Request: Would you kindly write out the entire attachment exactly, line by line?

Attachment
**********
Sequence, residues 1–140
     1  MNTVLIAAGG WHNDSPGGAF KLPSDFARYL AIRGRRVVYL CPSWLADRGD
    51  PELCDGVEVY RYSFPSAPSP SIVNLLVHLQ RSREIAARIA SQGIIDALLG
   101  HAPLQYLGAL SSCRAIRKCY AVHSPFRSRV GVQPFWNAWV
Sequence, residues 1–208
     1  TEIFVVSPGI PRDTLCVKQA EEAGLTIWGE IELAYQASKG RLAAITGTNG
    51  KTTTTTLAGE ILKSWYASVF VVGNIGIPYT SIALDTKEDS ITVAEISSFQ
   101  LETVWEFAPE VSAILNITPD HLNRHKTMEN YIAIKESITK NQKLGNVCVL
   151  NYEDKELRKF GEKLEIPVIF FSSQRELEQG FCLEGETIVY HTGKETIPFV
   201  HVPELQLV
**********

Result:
Sequence, residues 1–140
     1  MNTVLIAAGG WHNDSPGGAF KLPSDFARYL AIRGRRVVYL CPSWLADRGD
    51  PELCDGVEVY RYSFPSAPSP SIVNLLVHLQ RSREIAARIA SQGIIDALLG
   101  HAPLQYLGAL SSCRAIRKCY AVHSPFRSRV GVQPFWNAWV
Sequence, residues 1–208
     1  TEIFVVSPGI PRDTLCVKQA EEAGLTIWGE IELAYQASKG RLAAITGTNG
    51  KTTTTTLAGE ILKSWYASVF VVGNIGIPYT SIALDTKEDS ITVAEISSFQ
   101  LETVWEFAPE VSAILNITPD HLNRHKTMEN YIAIKESITK NQKLGNVCVL
   151  NYEDKELRKF GEKLEIPVIF FSSQRELEQG FCLEGETIVY HTGKETIPFV
   201  HVPELQLV